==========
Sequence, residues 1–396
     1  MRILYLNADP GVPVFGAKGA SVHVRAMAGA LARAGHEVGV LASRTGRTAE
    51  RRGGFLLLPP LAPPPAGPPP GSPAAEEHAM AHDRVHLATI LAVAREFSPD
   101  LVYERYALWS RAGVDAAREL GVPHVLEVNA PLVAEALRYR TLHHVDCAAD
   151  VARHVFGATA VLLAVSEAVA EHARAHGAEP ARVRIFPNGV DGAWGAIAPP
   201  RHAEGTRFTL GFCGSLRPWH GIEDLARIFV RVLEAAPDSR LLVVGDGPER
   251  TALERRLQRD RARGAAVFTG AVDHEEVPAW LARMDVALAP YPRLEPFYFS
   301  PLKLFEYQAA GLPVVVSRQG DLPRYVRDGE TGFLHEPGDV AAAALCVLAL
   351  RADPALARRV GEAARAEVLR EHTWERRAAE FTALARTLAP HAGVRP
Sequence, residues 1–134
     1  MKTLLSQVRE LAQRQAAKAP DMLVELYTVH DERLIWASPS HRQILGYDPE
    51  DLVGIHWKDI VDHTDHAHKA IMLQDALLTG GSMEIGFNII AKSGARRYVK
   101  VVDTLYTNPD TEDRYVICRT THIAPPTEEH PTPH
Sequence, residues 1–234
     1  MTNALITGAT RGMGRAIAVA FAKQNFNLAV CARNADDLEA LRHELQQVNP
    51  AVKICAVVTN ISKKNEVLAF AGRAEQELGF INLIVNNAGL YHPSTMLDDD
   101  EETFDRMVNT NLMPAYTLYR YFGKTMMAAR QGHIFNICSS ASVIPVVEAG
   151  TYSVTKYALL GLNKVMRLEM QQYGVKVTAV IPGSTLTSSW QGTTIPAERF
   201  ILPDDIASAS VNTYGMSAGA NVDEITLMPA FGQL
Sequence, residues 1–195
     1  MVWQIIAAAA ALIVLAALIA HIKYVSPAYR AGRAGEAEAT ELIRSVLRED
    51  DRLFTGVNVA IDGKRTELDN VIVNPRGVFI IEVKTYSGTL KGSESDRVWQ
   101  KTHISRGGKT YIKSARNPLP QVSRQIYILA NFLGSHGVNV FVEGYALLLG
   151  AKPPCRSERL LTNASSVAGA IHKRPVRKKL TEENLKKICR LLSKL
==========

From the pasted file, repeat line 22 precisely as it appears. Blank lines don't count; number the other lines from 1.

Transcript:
    51  DRLFTGVNVA IDGKRTELDN VIVNPRGVFI IEVKTYSGTL KGSESDRVWQ